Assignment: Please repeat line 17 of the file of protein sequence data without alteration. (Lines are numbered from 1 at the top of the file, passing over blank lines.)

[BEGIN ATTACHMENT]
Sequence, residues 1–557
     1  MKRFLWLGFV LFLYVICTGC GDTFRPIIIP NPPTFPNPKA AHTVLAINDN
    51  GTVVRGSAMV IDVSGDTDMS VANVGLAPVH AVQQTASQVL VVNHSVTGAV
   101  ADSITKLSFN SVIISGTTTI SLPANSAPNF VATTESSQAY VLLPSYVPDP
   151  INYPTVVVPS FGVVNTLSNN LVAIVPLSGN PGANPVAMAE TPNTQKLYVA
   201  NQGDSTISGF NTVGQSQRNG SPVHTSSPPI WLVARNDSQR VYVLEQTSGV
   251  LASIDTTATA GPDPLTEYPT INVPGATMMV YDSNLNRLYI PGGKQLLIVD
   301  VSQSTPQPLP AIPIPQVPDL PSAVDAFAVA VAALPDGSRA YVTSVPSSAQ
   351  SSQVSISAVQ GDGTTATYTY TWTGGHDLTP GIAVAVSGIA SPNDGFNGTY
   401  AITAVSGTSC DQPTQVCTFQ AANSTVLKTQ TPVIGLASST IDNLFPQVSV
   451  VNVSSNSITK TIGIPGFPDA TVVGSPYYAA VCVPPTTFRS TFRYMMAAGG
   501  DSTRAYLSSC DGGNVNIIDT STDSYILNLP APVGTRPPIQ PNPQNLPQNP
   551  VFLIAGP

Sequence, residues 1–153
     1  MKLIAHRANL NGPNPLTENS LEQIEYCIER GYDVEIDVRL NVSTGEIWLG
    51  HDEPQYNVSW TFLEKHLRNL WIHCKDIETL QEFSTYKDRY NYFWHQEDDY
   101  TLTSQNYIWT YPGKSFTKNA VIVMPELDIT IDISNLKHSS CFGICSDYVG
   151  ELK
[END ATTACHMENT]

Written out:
   101  TLTSQNYIWT YPGKSFTKNA VIVMPELDIT IDISNLKHSS CFGICSDYVG